Just yesterday, news regarding Pak Suzuki showing its intention to replace the Mehran hatchback with Alto 660cc by 2018, spread like wild fire. The company also revealed its plans of replacing its 1000cc Cultus with the Celerio hatchback in 2017, the information was reportedly shared with the Senate Standing Committee on Industries & Production.
However according to the Express Tribune, Pak Suzuki denied launching any new model in the next two years according to a company spokesman, adding that the investment if any, was contingent on the government offering the same incentives it was offering to new entrants in the Automotive Development Policy 2016-21. According to Pak Suzuki:
We have neither given a launch date nor have any plan for our vendors to localize parts for models. There is no change in our official policy. We are still waiting for a reply from the government on the written proposal we submitted to it a few months ago. The new models were planned along with the new Greenfield plant the company wanted to set up with over $430 million investment, but since we did not get the incentive in the new auto policy; we have not finalized anything.
Pak Suzuki, the largest automobile assembler of the country has been enjoying all sorts of benefits & support from the government ever since. Yet during the period of almost 3 decades, the company is blamed for providing sub-standard, obsolete yet overpriced products which are no longer offered anywhere in the world. The company even after the span of 30 years is yet unable to manufacture an F8A engine from the 1970s on its own. Pak Suzuki assembled vehicles have always enjoyed zero competition in the market, thanks to the generous support from the Pakistan government.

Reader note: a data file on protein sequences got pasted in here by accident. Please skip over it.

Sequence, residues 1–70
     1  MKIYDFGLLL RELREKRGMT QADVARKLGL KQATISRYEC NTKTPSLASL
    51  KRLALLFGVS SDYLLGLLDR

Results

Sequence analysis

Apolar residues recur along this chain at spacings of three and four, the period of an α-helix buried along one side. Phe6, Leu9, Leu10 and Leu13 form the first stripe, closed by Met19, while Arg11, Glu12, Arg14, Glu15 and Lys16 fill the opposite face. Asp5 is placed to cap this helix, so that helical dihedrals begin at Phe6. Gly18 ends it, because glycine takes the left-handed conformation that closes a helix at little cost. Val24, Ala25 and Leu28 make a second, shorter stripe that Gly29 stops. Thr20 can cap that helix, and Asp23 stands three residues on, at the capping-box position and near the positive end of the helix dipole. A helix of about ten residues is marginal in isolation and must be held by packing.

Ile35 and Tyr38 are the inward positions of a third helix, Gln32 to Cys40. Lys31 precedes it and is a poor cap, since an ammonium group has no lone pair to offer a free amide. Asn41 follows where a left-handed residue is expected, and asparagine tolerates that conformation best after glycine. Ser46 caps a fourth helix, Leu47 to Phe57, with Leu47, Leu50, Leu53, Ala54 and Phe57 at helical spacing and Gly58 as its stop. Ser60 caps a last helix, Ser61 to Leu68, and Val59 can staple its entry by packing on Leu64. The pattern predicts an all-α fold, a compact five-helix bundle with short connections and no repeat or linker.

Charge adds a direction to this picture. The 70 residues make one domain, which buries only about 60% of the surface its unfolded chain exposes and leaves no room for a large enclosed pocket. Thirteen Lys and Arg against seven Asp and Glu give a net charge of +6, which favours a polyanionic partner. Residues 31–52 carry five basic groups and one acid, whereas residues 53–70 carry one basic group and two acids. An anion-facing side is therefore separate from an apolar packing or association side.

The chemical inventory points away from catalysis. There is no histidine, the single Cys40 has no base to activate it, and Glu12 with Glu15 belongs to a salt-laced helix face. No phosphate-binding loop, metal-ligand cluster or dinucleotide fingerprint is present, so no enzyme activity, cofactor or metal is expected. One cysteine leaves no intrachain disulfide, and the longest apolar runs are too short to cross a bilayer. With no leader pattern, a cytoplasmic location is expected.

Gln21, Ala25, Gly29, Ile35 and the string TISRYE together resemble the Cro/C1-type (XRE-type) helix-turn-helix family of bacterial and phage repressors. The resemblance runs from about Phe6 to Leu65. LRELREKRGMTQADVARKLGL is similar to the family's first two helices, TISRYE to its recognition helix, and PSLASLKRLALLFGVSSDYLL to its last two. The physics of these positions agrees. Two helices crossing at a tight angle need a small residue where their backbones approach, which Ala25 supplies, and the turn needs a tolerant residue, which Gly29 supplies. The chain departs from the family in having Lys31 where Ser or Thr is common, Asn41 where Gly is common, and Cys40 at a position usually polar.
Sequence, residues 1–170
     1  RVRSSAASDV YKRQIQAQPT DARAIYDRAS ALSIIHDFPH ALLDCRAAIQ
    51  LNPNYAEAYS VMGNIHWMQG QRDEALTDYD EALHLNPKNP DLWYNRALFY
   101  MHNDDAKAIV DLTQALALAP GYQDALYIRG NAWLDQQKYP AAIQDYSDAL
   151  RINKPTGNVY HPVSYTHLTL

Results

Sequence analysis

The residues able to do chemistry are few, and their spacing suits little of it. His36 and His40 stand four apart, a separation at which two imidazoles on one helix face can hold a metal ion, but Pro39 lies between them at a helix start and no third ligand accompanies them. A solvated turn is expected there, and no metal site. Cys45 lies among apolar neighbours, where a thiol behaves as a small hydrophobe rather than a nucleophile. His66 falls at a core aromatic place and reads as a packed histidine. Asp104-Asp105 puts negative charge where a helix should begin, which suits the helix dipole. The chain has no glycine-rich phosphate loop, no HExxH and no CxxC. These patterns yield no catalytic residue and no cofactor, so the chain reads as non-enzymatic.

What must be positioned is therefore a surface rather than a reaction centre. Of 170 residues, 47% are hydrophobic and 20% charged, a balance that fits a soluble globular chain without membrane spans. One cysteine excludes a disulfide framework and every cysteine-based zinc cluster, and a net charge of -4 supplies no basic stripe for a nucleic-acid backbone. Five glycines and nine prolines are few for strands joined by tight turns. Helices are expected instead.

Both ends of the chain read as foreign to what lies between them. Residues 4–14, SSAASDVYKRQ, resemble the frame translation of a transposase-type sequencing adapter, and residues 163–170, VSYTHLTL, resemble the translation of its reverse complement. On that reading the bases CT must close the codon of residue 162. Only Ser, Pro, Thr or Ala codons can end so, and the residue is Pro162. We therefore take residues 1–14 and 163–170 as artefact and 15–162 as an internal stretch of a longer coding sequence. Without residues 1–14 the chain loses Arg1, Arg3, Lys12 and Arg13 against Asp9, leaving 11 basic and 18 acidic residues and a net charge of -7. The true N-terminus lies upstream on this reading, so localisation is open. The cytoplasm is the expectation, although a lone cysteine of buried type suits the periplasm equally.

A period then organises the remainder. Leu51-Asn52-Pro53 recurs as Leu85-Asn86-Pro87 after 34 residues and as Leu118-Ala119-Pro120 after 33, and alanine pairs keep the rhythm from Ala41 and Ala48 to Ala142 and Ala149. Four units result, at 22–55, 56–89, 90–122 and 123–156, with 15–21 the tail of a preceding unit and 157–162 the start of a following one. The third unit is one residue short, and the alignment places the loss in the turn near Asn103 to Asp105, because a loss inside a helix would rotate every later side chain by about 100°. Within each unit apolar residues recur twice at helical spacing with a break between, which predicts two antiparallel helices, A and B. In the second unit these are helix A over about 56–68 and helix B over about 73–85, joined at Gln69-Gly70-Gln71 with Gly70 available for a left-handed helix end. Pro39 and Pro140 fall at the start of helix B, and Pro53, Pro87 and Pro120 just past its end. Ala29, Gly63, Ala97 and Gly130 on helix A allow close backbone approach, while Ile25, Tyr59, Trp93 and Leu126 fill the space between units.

Yet even after having enjoyed such a tremendous support from the government, the demand to get equal incentives as that of new entrants is not at all justified. Let’s have a look at various factors why Pak Suzuki feels so insecure, even after having more than 50% of the market share.
Obsolete Model Lineup:
The prime factor for such insecurity is the Pak Suzuki product lineup itself. The majority of the vehicles they sell here have completed their life years ago in the international markets, yet Pakistan remains the only country where these cars are sold, that too at exorbitant prices. Suzuki Ravi & Bolan are the vehicles from the 1970s, yet unchanged in 2016 and sold for about PKR 700,000. Mehran is another prime example which is a 28 year old car and despite missing out on everything including safety & quality is still charged a hefty amount.